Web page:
If you’ve developed applications with React before, the Vue devtools combine functionality similar to that of the React and Redux extensions.

The tools allow you to take a look into a running Vue application, providing three different tabs to help you inspect and debug your code.

I recommend installing one of the browser extensions (you can find the links on GitHub) and trying the devtools with the examples from this book.

Components Tab

The first section gives you a hierarchical view of all the components that make up your application. Selecting a component from the tree allows you to inspect its state (that is, its data object) in the right-hand pane, where the values can be dynamically edited while the app runs.

When a component is selected, it’s also then available to interact with programmatically from the browser’s console, assigned to the variable $vm0. You can read and write to data values, and call any of the component’s methods.

We’ll revisit this tab in our next chapter on components.

Vuex Tab

This tab is only active if a Vuex store is detected in the application. It allows you to examine the state of the store at any point in time, and all the mutations that have been committed. You can even move back and forth through the mutations, effectively time-traveling through the state of your application.

If this isn’t making much sense to you right now, don’t worry; we’ll be covering Vuex in a later chapter.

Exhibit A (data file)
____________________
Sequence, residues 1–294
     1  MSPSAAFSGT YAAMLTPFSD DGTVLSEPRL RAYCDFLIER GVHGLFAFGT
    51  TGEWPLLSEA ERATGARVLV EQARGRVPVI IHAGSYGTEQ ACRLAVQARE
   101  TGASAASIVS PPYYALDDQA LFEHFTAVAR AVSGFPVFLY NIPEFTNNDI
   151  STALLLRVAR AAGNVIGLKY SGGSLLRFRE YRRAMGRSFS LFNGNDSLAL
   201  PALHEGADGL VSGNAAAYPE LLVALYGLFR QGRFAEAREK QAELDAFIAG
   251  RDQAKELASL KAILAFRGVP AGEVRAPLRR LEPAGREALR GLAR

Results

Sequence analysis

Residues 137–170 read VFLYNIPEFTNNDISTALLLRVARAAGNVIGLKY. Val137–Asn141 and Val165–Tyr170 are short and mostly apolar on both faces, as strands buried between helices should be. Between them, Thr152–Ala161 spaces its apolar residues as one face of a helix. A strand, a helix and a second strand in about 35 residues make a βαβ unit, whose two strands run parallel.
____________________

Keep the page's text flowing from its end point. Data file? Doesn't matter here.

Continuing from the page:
Events Tab

The events tab aggregates all the events emitted by your application, from anywhere in the component tree. Selecting an event will display more information about it in the right-hand pane, allowing you to see which component emitted it and any payload that was sent.

Editor/IDE Integrations

Due to its popularity, there are also Vue plugins and extensions available for many of the popular code editors and IDEs. These can offer anything from syntax highlighting for .vue files to autocompletion and code generation.

One of the most fully featured plugins currently available is the Vetur extension for Visual Studio Code (VS Code). As well as syntax highlighting and autocompletion, it provides snippets for scaffolding common tasks (such as new components), code formatting support, debugging, and autocomplete support for popular libraries such as Vue Router, and Vuetify.

Installing Vetur for VS Code

  1. Fire up VS Code and go to the Extensions menu on the left sidebar.
  2. Into the search bar, type “vetur”.
  3. Select the Vetur extension (by Pine Wu) from the results, and hit the install button.


In this chapter, we looked at the benefits of introducing a build step to your Vue applications, and how you can easily install and configure the necessary build tools for new projects using the Vue CLI.

We also looked briefly at the Vue devtools, which are a must-have resource when working with Vue applications. If you haven’t already done so, I recommend installing them now, as we’ll be using them in the next chapter as we take a look at components.